Not-so-great expectations

I know we’re right in the middle of Oscar season, and I know I have plenty of films to see and share with you, but this week I must take a break and discuss something I hadn’t planned to mention for a while. It was one year ago this month that Hoosier voters propelled U.S. Congressman Mike Pence into the governor’s office, and at the time I said I couldn’t think of any Indiana governor ever coming in with lower expectations. After a year in office, I’m prepared to say he hasn’t disappointed. Well, actually he has, but it’s all in the wording of the statement.

Pence started with a surprising focus (at least in terms of his verbiage) on jobs and education, as opposed to the moral and ethical issues which made him a darling of the far-right during his time in Washington, D.C. While his predecessor, Mitch Daniels, stated from the outset that he would personally stay out of the abortion and gay-marriage debates, we heard no such promises from Pence. Given his reputation, I fully expected him to jump right in head-first. I was pleasantly surprised last January when he wisely chose to stay away from these divisive matters.

Unfortunately, by the end of the legislative session, it had become apparent that Pence would offer no leadership whatsoever. He didn’t push for any specific legislation the way Daniels did; he simply let the legislative chips fall where they may. Then he signed some bills and not others. He did fulfill his duty as governor, but here in the 21st century, we’ve come to expect a little more guidance from on high. Heck, if it hadn’t been for Daniels, we still wouldn’t observe Daylight Savings Time in Indiana, the I-69 extension would still be floundering, and the new U.S. 31 Kokomo bypass would still be a pipedream. While I certainly didn’t always agree with him, Daniels got things done. Not so with Pence. Most of us believe Pence has his eye set on higher office (say, President of the United States), and that he’s merely using the governor’s office as a stepping-stone. But that’s no excuse for lack of leadership.

Given the above, you’d think I would give Pence a straight C or perhaps a C+ at this juncture in his young career. But recently, several of his actions have dropped his letter-grade to a disappointing D. First, he publicly commented that adopting Indiana’s constitution to strengthen our existing ban on gay marriage would actually help the Indiana business climate. When I read that, I did a double-take. Did he really say what I thought I heard him say? After two of Indiana’s largest employers and mayor of its largest city (himself a Republican) came out against the ban? He did. And provided our two legislative leaders, Brian Bosma and David Long (whose seats, thanks to recent Republican gerrymandering, are safer than a lawn mower at the North Pole) will allow this divisive issue to go to Hoosier voters, he fully intends to sign it. Hmmm … Three of our progressive Midwestern neighbors, Minnesota, Iowa, and Illinois, have recently approved gay marriage, Pence and his buddies in the legislature have every intention of dragging Indiana in the opposite direction. Try to guess how many new job opportunities and young workers such action will attract.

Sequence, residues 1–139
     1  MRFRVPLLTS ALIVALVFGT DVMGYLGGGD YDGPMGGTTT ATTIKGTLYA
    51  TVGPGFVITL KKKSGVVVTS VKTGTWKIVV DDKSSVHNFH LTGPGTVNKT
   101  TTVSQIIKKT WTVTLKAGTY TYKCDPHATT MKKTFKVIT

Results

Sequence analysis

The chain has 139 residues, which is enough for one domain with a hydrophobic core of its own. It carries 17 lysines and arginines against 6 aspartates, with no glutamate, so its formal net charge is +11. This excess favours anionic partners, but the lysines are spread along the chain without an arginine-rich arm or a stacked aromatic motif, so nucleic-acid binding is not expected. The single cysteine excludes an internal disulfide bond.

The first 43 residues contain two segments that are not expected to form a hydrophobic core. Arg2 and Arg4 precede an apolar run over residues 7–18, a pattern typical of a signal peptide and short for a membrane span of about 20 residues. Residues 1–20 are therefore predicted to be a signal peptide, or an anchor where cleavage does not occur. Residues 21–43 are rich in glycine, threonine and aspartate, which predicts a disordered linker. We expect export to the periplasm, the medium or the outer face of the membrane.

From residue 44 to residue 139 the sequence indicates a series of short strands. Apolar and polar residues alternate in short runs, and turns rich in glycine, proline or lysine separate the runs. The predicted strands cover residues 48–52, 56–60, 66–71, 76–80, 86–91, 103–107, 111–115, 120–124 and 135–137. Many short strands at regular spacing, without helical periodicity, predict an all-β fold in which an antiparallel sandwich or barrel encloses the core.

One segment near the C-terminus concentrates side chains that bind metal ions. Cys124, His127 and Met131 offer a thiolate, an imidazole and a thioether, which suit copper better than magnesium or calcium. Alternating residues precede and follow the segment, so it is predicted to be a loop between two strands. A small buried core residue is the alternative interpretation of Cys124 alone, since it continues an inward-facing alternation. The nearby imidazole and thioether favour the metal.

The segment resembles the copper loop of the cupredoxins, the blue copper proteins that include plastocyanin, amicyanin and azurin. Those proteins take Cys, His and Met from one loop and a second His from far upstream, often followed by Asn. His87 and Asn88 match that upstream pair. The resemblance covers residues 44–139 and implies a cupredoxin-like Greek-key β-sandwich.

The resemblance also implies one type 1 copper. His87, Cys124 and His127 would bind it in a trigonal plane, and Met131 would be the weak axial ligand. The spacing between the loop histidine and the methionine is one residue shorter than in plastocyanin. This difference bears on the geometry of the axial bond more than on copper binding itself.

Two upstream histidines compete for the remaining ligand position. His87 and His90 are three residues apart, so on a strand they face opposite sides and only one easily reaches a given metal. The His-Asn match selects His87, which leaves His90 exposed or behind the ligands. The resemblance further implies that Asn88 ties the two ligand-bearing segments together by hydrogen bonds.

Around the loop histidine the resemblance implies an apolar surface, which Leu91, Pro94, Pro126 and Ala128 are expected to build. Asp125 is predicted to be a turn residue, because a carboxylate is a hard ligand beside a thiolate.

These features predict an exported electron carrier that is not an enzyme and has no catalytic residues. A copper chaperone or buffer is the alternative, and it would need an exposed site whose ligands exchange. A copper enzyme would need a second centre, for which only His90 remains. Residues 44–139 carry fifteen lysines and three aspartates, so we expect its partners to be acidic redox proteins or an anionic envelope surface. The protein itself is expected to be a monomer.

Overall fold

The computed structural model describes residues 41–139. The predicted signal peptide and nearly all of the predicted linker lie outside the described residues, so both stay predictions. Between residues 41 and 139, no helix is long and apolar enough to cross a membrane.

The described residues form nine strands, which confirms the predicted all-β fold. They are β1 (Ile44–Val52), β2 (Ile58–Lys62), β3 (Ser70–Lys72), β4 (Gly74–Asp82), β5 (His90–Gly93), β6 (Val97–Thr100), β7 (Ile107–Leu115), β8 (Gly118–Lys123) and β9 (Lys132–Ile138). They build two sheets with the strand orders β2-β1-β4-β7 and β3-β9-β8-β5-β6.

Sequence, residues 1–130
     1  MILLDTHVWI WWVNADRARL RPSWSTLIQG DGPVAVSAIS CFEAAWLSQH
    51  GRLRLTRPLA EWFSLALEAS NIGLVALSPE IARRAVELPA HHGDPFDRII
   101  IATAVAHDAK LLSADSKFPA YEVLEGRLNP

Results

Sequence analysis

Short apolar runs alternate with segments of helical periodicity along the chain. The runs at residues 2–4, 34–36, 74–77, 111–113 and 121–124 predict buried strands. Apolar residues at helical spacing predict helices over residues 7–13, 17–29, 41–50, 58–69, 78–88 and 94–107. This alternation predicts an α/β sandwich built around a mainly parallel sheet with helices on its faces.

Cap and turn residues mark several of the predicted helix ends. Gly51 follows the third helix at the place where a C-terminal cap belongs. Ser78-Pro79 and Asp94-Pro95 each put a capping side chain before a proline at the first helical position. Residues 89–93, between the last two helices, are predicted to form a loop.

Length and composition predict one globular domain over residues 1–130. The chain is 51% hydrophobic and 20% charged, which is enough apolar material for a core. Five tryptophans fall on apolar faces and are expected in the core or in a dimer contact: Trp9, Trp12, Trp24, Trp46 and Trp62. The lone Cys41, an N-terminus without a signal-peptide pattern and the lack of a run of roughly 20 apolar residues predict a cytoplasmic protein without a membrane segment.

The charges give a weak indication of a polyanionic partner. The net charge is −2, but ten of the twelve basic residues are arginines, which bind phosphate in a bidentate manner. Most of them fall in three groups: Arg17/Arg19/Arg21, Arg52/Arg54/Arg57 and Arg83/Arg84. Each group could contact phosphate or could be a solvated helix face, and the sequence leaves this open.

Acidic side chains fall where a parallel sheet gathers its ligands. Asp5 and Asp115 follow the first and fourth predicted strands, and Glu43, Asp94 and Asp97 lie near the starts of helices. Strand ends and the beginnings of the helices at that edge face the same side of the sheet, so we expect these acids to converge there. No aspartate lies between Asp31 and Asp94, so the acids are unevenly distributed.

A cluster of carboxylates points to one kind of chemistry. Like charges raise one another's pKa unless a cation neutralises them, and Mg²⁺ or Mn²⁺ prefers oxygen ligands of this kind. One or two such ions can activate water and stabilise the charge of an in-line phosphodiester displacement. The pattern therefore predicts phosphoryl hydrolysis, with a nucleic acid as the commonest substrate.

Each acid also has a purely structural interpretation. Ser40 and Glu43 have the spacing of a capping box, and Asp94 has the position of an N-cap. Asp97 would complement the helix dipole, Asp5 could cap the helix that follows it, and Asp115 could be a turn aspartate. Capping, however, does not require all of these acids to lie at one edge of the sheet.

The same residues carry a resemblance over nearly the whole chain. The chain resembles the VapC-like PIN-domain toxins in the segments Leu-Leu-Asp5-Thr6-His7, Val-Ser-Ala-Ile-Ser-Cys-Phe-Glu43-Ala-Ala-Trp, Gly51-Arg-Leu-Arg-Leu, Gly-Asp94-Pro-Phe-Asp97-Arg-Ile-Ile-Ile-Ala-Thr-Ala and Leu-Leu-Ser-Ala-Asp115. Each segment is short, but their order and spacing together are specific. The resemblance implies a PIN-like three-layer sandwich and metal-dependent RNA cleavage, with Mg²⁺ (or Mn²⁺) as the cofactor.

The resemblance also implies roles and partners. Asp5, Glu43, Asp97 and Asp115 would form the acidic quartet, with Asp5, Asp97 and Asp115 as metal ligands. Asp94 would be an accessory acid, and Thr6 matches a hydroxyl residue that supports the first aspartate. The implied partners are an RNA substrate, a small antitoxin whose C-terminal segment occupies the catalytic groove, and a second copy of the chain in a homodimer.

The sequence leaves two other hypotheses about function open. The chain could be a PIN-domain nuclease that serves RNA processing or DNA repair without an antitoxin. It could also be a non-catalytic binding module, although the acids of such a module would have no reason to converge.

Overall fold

And God forbid, Pence chose politics over Hoosiers’ health, by denying Obamacare’s Medicaid funds for Indiana residents – costing the state not only healthy residents but thousands of jobs related to the Medicaid expansion approved by most states.

If all this weren’t bad enough, Pence’s worst move yet has been his creation of the Center for Education and Innovation, designed to continue the supposedly creative and successful policies of former Indiana Superintendent Tony Bennett – policies so unpopular he was defeated even by conservative Hoosier voters. Still stinging from Bennett’s defeat, Pence and the Board of Education (whose members have all been appointed by Republican governors) have put up roadblocks to everything Bennett’s successor, Glenda Ritz, has attempted to do, including running board meetings without constantly being interrupted. It doesn’t take a rocket scientist to see that Pence’s Center for Education and Innovation was created merely to usurp any power Ritz has left. Rather than reach out to the state’s only publicly elected Democrat (save for U.S. Senator Joe Donnelly), Pence and his GOP lackeys have stood in the way of her every move – at the expense of the education of our children. Pence has even recommended making the State Superintendent of Public Education an appointed position – just to insure something like this (read: election results they dislike) never happens again.

Remember, Pence signed legislation supported by Bosma and Long which redesigned the make-up of the Indianapolis City Council to favor Republicans. He’ll apparently stop at nothing to get his way, even though he presents himself as a nice, personable guy. Meanwhile, Pence can still brag that Indiana’s taxes are the lowest in the Midwest, while the reality is that Hoosiers are provided fewer government services than darn near every other state north of the Mason/Dixon Line.